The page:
[0036] As will be readily apparent to one of skill in the art, the exemplary system illustratively depicted in FIG. 1 represents a substantial improvement over conventional systems because, among other things, it is not limited to the traditional bus-based architecture. Further efficiencies and advantages of the present invention may be realized by utilizing particularly effective data transmission protocols. A messaging or cell-based protocol for transmission of data and information between various elements of the system is utilized. In this regard, instructions and information are transmitted through the system in units such as a cell, message or packet that typically will contain, in addition to the data or information, a header used to identify the source as well as the destination for the unit of information. Using such a protocol, a request for an information asset from a user may initially be directed through the switch 20 to the system controller 26, which will determine if the information asset is available and where it resides on the system. Once the system controller 26 determines that the particular information asset exists on the system 10, the system controller 26 may, as appropriate, generate one or more requests to the appropriate interface unit 16.

[0037] The requests for an information asset from a user may be handled on a session basis. For example, when an initial request from a user for a new information asset is received by the system controller 26, the system controller 26 may establish a new session, and generate a unique handle to identify the session. When a new session is established, virtual circuits within the system switch 20 may be set up to handle communications for the new session. For example, the system switch 20 may, based upon the circuit identifier, route information for a particular session from the appropriate interface unit 16 to the requesting user 12 via the virtual circuit set up when the session was established. The system controller 26 may set up multiple virtual circuits between the same end points, but each traversing a different path through the system switch 26. When doing so the circuits will be configured so that information assets arrive at the destination as though it was a single circuit. The system controller 26 may select which circuit to use on a packet by packet basis, ensuring that at most one of the circuits is actually in use for any specific packet. In a similar manner, a virtual circuit within the system switch 20 may be set up to handle communications from the system controller 26 to the interface unit 16 associated with the mass storage device 14 that contains the information asset requested. Typically, these virtual circuits will remain in place for the entire session. However, it is possible that the routing of the virtual circuit, or simply the selection amongst the already provisioned circuits, may be changed in the case of certain events within the system. According to one embodiment, the set of virtual circuits that may be used for a given session will have a collective identifier, or handle. For example, in the event that a mass storage device 14 which is supplying a requested information asset experiences a technical problem, such a fault may be communicated to or sensed by the system controller 26 which, in response, may establish or select a different virtual circuit under the same handle which will allow the same information asset on a different mass storage device 14 to be transmitted to the user through the switch. As may be appreciated, this same approach may be used in the case of other events that might compel the changing of which of the mass storage device 14 that contain a particular information asset are used to deliver that asset to a user. Because of the unique design of the system, such a change in the supplying mass storage device 14 will be transparent to the requesting user.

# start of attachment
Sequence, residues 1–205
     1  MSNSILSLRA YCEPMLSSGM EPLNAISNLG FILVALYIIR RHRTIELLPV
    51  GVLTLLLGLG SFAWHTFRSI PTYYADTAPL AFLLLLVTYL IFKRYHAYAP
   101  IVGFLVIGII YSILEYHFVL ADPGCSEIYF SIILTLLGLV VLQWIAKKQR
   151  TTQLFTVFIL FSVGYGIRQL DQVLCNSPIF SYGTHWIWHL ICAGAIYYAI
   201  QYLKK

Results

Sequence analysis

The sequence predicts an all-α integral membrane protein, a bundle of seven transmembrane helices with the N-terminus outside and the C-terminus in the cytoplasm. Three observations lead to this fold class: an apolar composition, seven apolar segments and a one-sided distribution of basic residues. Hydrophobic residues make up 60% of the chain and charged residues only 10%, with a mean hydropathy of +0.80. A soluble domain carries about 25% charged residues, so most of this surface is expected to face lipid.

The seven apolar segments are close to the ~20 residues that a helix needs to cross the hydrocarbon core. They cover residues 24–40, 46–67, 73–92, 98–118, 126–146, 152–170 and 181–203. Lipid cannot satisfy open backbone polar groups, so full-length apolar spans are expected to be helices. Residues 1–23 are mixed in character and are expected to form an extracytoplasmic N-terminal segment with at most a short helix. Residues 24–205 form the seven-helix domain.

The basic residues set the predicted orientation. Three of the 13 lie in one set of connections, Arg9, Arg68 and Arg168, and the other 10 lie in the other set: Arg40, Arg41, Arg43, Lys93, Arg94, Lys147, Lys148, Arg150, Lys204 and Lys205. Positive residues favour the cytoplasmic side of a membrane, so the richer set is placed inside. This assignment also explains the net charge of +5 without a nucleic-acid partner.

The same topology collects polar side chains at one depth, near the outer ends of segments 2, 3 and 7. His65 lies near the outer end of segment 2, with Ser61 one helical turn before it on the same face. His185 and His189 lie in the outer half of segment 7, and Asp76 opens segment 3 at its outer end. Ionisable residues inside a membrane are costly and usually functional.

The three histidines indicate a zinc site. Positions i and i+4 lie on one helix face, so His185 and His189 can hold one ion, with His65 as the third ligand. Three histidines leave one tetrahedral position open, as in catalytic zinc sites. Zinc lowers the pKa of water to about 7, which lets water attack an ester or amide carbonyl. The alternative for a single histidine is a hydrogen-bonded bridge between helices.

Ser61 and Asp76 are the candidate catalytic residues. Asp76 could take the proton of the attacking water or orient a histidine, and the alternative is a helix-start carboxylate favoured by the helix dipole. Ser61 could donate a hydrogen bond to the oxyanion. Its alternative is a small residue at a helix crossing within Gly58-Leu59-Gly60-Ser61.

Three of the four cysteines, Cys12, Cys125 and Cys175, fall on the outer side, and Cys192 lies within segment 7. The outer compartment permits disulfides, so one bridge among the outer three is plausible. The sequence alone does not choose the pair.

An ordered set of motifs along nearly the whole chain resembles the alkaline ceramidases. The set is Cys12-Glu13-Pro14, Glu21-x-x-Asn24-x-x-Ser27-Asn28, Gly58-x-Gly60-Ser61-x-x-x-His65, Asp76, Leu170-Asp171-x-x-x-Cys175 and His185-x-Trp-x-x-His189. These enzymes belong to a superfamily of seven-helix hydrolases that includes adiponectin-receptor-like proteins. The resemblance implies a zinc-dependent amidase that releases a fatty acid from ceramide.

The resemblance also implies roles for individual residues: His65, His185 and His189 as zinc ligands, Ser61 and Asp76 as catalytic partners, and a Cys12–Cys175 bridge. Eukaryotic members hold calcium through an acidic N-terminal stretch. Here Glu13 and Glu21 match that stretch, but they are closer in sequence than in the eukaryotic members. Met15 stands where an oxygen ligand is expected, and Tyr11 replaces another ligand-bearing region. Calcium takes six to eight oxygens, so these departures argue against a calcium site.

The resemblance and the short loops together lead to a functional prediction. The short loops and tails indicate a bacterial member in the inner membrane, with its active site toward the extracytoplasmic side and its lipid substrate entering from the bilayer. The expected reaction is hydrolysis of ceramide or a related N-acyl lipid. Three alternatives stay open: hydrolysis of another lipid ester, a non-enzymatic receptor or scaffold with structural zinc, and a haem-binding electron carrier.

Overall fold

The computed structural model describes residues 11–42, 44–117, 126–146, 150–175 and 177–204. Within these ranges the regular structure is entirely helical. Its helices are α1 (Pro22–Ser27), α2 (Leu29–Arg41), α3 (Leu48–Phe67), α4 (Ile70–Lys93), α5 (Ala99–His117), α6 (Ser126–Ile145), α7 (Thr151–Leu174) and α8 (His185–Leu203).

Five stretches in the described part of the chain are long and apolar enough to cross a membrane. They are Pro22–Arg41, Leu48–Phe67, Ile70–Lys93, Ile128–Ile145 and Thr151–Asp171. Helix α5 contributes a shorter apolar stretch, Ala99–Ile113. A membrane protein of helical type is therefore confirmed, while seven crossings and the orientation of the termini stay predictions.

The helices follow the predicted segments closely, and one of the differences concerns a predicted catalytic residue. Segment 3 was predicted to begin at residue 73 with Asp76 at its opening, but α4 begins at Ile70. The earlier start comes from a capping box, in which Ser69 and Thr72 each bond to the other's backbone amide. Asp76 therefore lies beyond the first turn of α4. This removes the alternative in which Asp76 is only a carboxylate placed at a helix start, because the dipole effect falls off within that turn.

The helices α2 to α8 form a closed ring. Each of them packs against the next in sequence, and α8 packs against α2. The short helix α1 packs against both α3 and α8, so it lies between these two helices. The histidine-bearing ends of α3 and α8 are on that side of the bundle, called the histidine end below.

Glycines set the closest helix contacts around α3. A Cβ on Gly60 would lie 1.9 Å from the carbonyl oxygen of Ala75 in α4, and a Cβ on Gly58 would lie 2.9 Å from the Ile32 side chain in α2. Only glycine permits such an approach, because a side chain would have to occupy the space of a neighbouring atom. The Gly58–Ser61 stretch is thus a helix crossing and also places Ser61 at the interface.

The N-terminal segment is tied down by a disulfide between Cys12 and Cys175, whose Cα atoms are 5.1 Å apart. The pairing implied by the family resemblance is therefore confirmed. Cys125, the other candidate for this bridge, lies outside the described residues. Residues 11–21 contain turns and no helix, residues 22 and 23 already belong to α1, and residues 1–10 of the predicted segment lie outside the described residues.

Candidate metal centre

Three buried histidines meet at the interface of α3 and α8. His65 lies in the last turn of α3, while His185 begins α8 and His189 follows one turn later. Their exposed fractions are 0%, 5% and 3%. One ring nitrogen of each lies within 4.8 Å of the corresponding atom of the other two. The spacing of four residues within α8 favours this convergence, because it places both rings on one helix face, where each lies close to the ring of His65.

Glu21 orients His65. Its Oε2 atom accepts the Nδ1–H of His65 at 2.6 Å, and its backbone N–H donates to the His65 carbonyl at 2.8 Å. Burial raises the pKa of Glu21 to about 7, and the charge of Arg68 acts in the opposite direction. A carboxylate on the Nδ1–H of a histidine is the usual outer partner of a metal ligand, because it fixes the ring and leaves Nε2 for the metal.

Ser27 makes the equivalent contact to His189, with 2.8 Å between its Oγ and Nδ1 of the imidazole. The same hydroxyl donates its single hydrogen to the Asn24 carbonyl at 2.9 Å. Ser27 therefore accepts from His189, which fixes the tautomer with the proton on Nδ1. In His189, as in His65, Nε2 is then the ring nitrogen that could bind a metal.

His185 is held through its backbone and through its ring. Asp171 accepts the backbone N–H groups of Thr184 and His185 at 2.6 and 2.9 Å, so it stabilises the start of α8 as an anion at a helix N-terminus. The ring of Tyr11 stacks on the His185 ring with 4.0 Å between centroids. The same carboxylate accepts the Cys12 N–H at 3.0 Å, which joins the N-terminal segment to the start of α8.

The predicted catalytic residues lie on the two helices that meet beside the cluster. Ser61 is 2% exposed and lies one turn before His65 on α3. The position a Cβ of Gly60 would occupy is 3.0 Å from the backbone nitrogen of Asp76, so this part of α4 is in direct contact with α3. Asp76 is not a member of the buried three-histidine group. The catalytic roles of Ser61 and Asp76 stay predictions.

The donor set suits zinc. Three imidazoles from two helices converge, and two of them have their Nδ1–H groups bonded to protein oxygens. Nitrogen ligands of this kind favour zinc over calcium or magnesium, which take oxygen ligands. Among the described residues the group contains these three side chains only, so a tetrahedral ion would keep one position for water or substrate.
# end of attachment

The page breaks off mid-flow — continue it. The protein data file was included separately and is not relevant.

[0038] In general, the illustratively depicted system incorporating an interface 16 embodying the present invention may be advantageously implemented with a self-routing switching technique, also sometimes referred to as a self-routing “switching fabric”. The term “switching fabric” means, for example, the combination of hardware and software that moves data coming into the system switch out to the correct port or communication channel, which in turn may provide the data to another network. With a self-routing switching fabric, the path a packet or cell takes through the fabric is determined by a circuit identifier in the packet or cell header. The originating port alone is insufficient to determine the routing of the cell or packet.

[0039] Further characteristics of a self-routing switching fabric are that all packets or cells sent with the same circuit identifier at a given port will arrive at the same target port. All cells that arrive will arrive in the same order, and cells may be dropped, but not re-ordered. All of these cells will have the same circuit identifier. This may be changed during transit through the fabric, but any such changes will apply to all cells that successfully transit the system. In some cases, this path is referred to as a “virtual circuit”. Typically, the circuit must be set up prior to the first cell or packet being transmitted.